Young asylum-seekers will be entitled to access third level education in the same way as Irish students under proposals being drawn up by the Government.
At present, asylum-seeking students are treated as international students and face paying prohibitive fees.
As a result, many teenagers who have completed their Leaving Cert over recent years have not been able to progress on to college.
Minister for Education Jan O’Sullivan said on Wednesday she is determined that asylum-seeking students who have been in the system for five years or more should be treated in the same way as Irish students.
Speaking at the Teachers’ Union of Ireland (TUI) congress in Wexford, Ms O’Sullivan said the high fees faced by asylum-seeking students effectively excluded them for a “future they have worked hard to achieve”.
“I am determined this will change from September 2015 for students who have spent five years or more in the Irish education system.
“I believe that such students should no longer have to pay any more to access third-level, than their Irish friends do, and that they should be have appropriate access to student supports.”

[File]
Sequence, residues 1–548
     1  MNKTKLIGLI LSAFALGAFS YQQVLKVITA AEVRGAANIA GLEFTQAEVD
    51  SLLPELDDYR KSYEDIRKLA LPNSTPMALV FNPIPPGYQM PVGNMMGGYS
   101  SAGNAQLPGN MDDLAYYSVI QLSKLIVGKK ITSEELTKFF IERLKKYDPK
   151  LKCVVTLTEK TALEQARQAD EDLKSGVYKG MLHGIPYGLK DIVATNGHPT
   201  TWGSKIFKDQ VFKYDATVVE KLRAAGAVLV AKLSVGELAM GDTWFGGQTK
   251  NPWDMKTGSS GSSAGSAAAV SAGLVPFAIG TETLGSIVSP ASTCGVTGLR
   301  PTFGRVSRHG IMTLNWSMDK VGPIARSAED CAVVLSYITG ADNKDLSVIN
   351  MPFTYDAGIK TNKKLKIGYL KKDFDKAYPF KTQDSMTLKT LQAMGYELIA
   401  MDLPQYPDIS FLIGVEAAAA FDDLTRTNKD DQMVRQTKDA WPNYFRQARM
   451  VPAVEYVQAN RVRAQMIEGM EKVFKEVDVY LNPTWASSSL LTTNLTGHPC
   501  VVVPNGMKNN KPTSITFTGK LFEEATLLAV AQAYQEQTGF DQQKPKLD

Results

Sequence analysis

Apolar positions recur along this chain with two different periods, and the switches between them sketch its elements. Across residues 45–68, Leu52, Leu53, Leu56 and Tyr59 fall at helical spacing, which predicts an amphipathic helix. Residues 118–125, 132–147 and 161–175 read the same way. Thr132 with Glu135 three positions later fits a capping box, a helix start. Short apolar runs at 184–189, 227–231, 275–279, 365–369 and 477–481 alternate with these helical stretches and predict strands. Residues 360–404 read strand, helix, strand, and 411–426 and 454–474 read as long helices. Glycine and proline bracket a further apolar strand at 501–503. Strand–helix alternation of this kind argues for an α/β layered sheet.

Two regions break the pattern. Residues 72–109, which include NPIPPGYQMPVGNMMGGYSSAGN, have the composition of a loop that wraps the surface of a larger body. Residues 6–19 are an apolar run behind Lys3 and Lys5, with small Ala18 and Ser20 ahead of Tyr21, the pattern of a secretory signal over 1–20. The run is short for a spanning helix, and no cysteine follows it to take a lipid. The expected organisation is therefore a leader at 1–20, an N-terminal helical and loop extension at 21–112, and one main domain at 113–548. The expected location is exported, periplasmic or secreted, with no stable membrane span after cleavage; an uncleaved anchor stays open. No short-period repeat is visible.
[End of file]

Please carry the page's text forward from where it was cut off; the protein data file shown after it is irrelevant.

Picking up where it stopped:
A working group established by the Government last year to review the asylum system is expected to propose these measures when its deliberations are published shortly.
In all, there are more than 4,000 asylum seekers living in 34 direct provision accommodation centres across the State. Just over 140 of these asylum seekers are aged between 13 and 17 years.
Campaigners have long criticised the restrictions on access to third level, insisting it is resulting in individuals becoming deskilled and unmotivated.
A number of other proposals are likely to be announced in the coming weeks aimed at reforming the asylum system.
A new “fast track” system for asylum seekers in direct provision for more than five years, which would see their cases dealt with within six months, is set to be announced by the Government.
The measures to deal with the asylum system are also likely to include increased cash allowances for those in direction provision.
Both moves are under consideration by an independent group assessing improvements to supports for asylum seekers, including the direct provision system.
The group was established by Minister for Justice Frances Fitzgerald and Minister of State in the Department of Justice Aodhán Ó Riordáin, and its report is expected to be published next month.